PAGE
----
A silent crowd witnessed the brutal hitting force of the SriLankan batsmen in the batting powerplay. It was time for the Lankan fans to go all out. And that’s exactly what they did, as silent Indian fans looked on. The match seemed to have tilted in Lanka’s favor.

The Indian run chase got off to the worst possible start, losing the 2 openers in the first 7 overs! The SACHIN TENDULKAR wicket silenced the very crowd that had revved up the decibels just moments ago. What was heartening to see, though, was the standing ovation The Man got for playing what could’ve possibly been his last match on His home ground.

Time went by, a few wickets fell, but this Indian team was different from the others. No target was unchaseable, no team was unbeatable. With that same conviction, Dhoni, the captain, Gautam and Yuvraj kept the scoreboard ticking. Every dot ball was dreaded, every single was cheered as if it was a boundary and when the boundaries were hit the 30,000 plus crowd in the stadium, be it the Ambanis, the Mallayas or the common man in the east stand, roared in appreciation and delight.

Victory seemed nearer when all of a sudden Dhoni went ballistic smashing a couple of boundaries. Confidence grew and everyone awaited the winning moment.

 

One of the greatest bowlers in World cricket today was up against one of the smartest batsmen. 3 runs were required in 1 and a half overs. Lasith Malinga stormed into bowl at Dhoni at 150 kmph.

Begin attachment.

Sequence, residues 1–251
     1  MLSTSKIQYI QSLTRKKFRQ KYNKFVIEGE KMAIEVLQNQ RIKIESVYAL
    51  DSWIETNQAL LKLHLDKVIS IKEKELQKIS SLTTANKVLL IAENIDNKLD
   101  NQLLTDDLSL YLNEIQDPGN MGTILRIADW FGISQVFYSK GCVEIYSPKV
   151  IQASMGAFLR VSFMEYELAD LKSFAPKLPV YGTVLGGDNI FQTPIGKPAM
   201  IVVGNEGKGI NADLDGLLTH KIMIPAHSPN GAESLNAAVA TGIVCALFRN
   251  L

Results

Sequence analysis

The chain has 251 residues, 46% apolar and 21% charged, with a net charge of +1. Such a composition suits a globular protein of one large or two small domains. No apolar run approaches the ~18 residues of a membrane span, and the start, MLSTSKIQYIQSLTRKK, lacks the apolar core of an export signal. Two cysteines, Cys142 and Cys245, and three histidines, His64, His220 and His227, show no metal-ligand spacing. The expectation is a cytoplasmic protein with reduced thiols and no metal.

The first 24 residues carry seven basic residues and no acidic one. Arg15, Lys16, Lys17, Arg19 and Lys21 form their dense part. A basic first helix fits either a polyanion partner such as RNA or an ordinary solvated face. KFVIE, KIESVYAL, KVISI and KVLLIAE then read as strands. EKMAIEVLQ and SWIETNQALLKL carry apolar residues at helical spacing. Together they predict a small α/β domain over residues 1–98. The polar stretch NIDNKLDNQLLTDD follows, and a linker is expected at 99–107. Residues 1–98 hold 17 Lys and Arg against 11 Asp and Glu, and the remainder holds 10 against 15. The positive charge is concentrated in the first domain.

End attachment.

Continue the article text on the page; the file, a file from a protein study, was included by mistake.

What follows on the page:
Dhoni, not having a care for reputations heaved him for a SIX over long-off. THAT WAS THE MOMENT. 30,000 anxious Indians in the crowd jumped up in celebration of the one cup that had eluded India for the past 28 years. Dhoni stood at the centre of it all, absorbing the atmosphere created by his heroics. Sachin & Yuvraj were in tears, Harbhajan and Virat were jumping and Raina and Sehwag were just absorbing the fact that they were the WORLD CHAMPIONS.

 

“For the past 21 years Mr. Sachin Tendulkar has shouldered the burden of Indian cricket, it’s about time we carried him on our shoulders.” Virat Kohli, barely a few years old when Sachin started playing cricket put his words into action and carried Sachin all around the stadium! Gary Kirsten, who played one of the most understated role in the success was also carried around. The humble captain stood away from the limelight.

The World cup was ours!! A walk through Marine drive signified how Sport unites the un-united. There was dancing, singing, people sitting on the roofs of cars, firecrackers and a lot more. And rightly so.

Not only was it a feather in the illustrious cap of Sachin Tendulkar, it was also the defining moment for a certain man named MAHENDRA SINGH DHONI.

A small town boy from Ranchi, Jharkhand has won all the titles that there are to win, the IPL, the CHAMPIONS LEAGUE, the WORLD CUP T20, the limited overs WORLD CUP, the BEST TEST TEAM & with this win the best limited overs team!

What a night, what atmosphere, what a stage to deliver.

Him and Her

They met through common connections. She was dating someone else and so was he. They became friends. She would call him for favors every now and then. He would gladly oblige, as he would for any friend.

As time passed, they severed ties with their respective partners and began spending a lot of time together. Movies, pubs, restaurants and even heritage tours. She fell in love with him. He wasn’t so sure. She repeatedly asked him for an answer. He was confused.